20 Ways To Outline A Sermon

by Colin Adams on May 16, 2012 · 5 comments

in Articles

A good outline can strengthen a sermon, providing clarity, progression and climax for those who hear it. Speaking personally, however, I find outlining an extremely exacting discipline. As a result, it has been profitable for me to study men who are most adept in this area – men like Charles Spurgeon, John Stott and Warren Wiersbe.

Emerging from that study, here is a list which I have compiled and that I sometimes refer to. It helps me think creatively about my sermon structure. Please note that most of the specific examples are borrowed from some of the above preachers.

1.  Quote directly from text

‘To live is Christ’.  ‘To die is gain’

2.  Single word headings of similar length, or sound

Unity.  Diversity.  Maturity

Preparation.  Lamentation.  Celebration. Denunciation

3. Use pictures in the text

A lonely garden. A costly cup. A hypocritical kiss. A useless sword. A crowing cock

4.  Same first word(s) but differing endings

The law is not greater than the promise. The law is not contrary to the promise. The law cannot do what the promise can do

The Spirit enables us to: fulfil the law of love, overcome the flesh, produce fruit

Beware of: hypocrisy, covetousness, worrying, carelessness

5. Put application in the headings

Remember what God is to you. Remember what God does for you. Remember what God does through you.

We must love Christ supremely. We must obey him universally. We must glorify him completely.

6. Questions

Are the dead raised? When are the dead raised? Why are the dead raised?

7. Groups

The preacher. The persecutor. The believer.

8. Obligation outline  – ________must be________

Leaders must be humble in accepting their responsibilities. Followers must be careful in selecting their leaders.  Evildoers must be certain of sin’s consequences.

9.  Say what the author does in his argument (especially useful for epistles)

He defended his right to receive support. He defended his right to refuse support.

He explains his authority. He expresses his anxiety. He exposes his adversaries.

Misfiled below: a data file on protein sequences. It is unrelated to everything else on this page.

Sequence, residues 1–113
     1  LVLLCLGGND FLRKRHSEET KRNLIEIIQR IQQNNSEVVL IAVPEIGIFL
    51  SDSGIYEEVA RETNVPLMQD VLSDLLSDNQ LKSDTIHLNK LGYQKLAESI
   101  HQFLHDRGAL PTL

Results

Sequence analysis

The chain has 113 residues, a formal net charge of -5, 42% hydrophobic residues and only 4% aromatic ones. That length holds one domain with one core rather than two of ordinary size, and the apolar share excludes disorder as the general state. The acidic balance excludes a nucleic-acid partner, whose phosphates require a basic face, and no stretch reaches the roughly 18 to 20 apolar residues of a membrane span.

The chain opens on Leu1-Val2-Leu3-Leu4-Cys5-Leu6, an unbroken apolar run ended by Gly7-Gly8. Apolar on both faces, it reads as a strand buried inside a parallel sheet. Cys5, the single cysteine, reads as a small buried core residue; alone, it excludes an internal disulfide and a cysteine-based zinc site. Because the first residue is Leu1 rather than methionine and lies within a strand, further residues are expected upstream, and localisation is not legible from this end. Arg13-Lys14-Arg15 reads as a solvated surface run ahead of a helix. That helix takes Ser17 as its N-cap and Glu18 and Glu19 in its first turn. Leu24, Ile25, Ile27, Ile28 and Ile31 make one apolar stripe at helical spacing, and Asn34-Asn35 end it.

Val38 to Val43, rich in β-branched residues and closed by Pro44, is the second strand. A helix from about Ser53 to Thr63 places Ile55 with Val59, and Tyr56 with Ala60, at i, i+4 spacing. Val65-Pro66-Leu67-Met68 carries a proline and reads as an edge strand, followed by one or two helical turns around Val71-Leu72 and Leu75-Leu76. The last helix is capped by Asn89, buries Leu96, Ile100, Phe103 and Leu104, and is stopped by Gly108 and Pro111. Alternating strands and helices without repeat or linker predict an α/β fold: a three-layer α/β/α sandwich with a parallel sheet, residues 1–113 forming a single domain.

He explains their adoption. He seeks their affection. He laments their regression.

10. Say what happened to the person in the text (especially useful for narrative)

God honored him.  God humbled him. God helped him.

Teaching the Jews. Helping the Gentiles. Warning the Disciples.

11. Alliteration

A clear conscience. A compassionate heart. A conquering faith.

Grace, goodness, glory.

The servant’s identity. The servant’s authority. The servant’s sympathy.

12. . Pairs

Profitable and unprofitable servants. Wise and foolish witnesses. Obedient and disobedient servants.

13. . Contrasts

Death-Life. Tablets of stone-human hearts. Fading glory-increasing glory.

14. . How to

How to use spiritual authority. How to wage spiritual warfare.

15. Twin parallel heading

The slave – you lose your liberty. The debtor – you lost your wealth.  The runner – you lose your opportunity.

16. From this to that

From failure to success. From sickness to health. From guilt to forgiveness

17.  Follow the chronology or some other marker in the text

The 3rd hour. The 6th hour. The 9th hour.

18.  Paradoxes

The two shall be one. Adults shall be children. First shall be last.

19. Headings that are precise, but pay little attention to corresponding with one another stylistically (D.A Carson seems to often preach this way)

Paul wants this prayer to be offered with earnestness, urgency and persistence.

Paul solicits prayer for himself , in connection with his own ministry.

For Paul, prayer for his ministry envisions further ministry.

Finally, it is important to learn that some of Paul’s prayers were not answered as he would have liked.

20. Don’t have a defined outline!

 

 

 

{ 3 comments… read them below or add one }

paul dare May 17, 2012 at 5:56 pm

These are great! I’m reading David Murray’s “How Sermon’s Work” on my Kindle right now and he goes through things like this.

The new site looks fantastic! Great work! Important work!!

Reply

Tim White June 29, 2012 at 1:20 am

Thank you for giving us ways to add variety to our preaching. If God is the God of infinite variety our preaching should reflect Him. Tim White

Reply

Funny Sermon Stories February 4, 2013 at 2:12 am

Twenty great tips that I needed desperately! Thank you so much! I needed this help!

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